Taking a break from work can be a good thing—perhaps because our minds are freer to wander.

Mind-wandering is particularly useful when work is mind-numbing. In one study, participants reported on their mind-wandering during a repetitive task. Participants who engaged in more mind-wandering performed better and faster, decreasing their response times significantly. The researchers speculated that mind-wandering allowed people to go off-task briefly, reset, and see data with fresh eyes—so that they didn't miss sudden changes.

In another study, researchers aimed to figure out what parts of the brain were implicated in mind-wandering and discovered something unexpected. When their frontal lobes were stimulated with a small electrical current to boost mind-wandering, people's performance on an attention task slightly improved.

Of course, not every job calls for mind-wandering. A surgeon or a driver should stay focused on the task at hand, since mind-wandering could be detrimental to both. On the other hand, even for them it might be rejuvenating to take a mind-wandering break after their workday is over, leading to more focused attention the next time around.

Mind-wandering may help us with goal-setting

It seems like mind-wandering would be detrimental when it comes to planning for the future. In fact, some research suggests mind-wandering can improve goal-setting.

In a recent neuroscience experiment, participants did an undemanding task and reported on the content of their thoughts as researchers scanned their brains with fMRI. Afterwards, they wrote for 15 minutes about personal goals or TV programs (the control group). Then, they repeated these two tasks—the undemanding one and writing about goals or TV.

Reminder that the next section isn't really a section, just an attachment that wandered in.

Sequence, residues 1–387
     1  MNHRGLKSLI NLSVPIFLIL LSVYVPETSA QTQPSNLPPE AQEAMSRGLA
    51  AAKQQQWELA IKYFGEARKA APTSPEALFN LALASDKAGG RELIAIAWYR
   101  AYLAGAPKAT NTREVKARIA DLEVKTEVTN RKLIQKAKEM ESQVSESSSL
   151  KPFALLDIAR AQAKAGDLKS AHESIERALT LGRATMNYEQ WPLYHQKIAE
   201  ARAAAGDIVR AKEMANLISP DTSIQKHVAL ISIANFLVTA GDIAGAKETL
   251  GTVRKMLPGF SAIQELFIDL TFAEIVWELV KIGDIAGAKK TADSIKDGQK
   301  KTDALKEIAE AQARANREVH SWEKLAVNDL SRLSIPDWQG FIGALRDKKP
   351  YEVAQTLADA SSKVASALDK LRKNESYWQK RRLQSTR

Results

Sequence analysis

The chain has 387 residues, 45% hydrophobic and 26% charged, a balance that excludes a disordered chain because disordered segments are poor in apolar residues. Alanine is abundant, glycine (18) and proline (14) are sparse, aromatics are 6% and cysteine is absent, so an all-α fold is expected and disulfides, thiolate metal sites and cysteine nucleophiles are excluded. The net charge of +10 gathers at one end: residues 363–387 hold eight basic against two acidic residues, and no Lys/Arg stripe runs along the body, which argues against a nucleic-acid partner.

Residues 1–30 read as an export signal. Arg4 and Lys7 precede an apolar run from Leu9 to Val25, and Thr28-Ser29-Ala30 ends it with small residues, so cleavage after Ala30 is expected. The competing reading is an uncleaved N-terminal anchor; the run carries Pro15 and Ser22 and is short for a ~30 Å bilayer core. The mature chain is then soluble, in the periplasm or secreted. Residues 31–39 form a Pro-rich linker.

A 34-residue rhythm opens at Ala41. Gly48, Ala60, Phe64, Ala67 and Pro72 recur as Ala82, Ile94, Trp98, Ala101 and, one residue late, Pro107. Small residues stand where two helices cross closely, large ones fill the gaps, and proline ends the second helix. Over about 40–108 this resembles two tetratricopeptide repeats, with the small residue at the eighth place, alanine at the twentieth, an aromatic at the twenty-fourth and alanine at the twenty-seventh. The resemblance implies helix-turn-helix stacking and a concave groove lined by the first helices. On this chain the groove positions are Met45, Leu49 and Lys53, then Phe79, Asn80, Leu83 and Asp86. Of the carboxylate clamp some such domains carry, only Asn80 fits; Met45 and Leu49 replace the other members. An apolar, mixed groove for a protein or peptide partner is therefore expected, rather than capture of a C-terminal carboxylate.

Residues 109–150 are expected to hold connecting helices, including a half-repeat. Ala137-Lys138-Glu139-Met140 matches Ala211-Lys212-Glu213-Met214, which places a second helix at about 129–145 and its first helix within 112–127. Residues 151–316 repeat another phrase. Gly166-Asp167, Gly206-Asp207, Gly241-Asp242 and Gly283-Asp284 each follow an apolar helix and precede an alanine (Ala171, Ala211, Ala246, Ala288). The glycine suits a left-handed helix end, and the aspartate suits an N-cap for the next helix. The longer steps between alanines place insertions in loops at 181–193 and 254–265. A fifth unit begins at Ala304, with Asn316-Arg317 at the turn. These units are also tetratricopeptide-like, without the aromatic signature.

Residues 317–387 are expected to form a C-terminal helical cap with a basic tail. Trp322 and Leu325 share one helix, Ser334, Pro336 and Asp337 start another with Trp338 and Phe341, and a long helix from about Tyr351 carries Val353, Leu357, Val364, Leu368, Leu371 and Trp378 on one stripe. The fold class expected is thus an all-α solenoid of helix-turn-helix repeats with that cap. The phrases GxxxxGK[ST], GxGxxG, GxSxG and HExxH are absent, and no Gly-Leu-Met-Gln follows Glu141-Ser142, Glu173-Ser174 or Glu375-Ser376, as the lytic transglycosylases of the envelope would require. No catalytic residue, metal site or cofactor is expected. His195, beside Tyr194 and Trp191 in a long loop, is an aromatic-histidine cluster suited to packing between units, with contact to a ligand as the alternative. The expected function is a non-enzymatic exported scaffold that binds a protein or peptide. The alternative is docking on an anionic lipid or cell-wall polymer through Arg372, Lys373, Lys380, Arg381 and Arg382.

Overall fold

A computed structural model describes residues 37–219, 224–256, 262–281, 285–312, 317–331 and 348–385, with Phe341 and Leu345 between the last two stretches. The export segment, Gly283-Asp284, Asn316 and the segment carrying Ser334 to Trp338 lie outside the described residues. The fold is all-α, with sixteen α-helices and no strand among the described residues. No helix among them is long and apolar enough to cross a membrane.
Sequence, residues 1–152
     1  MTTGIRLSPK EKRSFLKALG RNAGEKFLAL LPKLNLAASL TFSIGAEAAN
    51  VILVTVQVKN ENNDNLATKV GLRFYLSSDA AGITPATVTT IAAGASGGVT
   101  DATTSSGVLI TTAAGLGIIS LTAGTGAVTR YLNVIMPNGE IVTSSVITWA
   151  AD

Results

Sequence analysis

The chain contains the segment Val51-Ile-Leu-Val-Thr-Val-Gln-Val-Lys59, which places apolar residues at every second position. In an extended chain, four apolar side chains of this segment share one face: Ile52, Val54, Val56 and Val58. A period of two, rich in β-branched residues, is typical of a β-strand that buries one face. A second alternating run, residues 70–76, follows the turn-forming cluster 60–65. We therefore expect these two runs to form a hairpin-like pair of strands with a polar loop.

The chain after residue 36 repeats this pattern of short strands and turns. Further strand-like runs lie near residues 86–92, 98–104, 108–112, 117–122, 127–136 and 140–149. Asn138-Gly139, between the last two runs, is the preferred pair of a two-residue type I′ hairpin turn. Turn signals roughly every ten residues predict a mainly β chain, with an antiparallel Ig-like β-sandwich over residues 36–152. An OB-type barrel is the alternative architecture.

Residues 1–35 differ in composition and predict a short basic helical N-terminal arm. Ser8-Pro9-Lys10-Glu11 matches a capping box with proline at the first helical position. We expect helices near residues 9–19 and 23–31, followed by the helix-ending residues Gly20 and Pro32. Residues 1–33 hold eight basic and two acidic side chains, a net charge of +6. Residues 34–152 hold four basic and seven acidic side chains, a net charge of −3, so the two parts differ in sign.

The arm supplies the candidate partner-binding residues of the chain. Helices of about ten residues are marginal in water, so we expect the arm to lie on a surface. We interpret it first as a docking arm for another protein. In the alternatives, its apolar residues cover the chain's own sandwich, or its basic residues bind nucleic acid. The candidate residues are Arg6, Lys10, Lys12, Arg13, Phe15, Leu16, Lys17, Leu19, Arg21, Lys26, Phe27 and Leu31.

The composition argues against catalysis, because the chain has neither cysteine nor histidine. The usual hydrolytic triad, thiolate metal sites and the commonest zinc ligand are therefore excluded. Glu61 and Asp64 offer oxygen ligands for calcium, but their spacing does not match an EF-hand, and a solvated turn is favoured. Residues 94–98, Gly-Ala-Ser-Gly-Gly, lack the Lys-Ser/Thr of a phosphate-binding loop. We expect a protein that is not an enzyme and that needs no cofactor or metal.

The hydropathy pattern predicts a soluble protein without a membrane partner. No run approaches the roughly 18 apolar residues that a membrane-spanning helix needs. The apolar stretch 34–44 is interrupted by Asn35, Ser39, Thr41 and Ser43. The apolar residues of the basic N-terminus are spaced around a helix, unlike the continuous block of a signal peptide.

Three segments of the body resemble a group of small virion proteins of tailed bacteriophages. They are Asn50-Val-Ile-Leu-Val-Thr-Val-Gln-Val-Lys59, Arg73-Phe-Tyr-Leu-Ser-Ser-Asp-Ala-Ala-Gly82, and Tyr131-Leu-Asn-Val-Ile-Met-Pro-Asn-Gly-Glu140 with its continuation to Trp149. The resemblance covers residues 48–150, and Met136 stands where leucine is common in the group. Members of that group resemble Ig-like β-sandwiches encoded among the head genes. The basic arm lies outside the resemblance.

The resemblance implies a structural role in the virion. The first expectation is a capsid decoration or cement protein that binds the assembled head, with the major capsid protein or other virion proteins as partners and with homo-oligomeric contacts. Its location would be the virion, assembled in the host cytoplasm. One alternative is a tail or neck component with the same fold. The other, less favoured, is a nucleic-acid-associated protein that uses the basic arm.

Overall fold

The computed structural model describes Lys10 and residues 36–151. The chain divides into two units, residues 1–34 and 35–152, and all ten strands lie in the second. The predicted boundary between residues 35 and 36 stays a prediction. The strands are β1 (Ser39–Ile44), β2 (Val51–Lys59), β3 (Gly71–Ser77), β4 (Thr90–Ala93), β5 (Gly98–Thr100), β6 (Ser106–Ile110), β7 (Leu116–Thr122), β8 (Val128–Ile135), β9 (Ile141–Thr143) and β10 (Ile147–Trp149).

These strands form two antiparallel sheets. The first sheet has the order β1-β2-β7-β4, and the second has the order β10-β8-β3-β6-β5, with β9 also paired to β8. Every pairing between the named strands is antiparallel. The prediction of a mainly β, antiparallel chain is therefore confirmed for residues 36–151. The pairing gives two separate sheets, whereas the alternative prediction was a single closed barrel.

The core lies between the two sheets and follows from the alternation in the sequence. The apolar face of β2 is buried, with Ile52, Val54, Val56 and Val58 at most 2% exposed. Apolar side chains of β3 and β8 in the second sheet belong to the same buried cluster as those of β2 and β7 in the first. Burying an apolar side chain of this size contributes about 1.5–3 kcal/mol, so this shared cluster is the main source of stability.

Analyzers unaware of the study's purpose were asked to assess the concreteness of participants' goal-setting and TV program descriptions. The result? People with wandering minds—who probably started musing about what they really wanted in life after the first writing session—ultimately came up with more concrete and higher-quality goal descriptions in the second session. Over the course of the experiment, their brains also showed an increase in connectivity between the hippocampus and the pre-frontal cortex—areas implicated in goal-setting.

Research has also found that, the more people engage in mind-wandering during a task, the more they are willing to wait for a reward afterwards. According to the researchers, this suggests that mind-wandering helps delay gratification and "engages processes associated with the successful management of long-term goals."

On the other hand, some research suggests mind-wandering makes us less "gritty"—or less able to stay focused on our goals to completion—especially if it is spontaneous rather than deliberate. So, it may be important to consider where you are in the process of goal creation before deciding mind-wandering would be a good idea.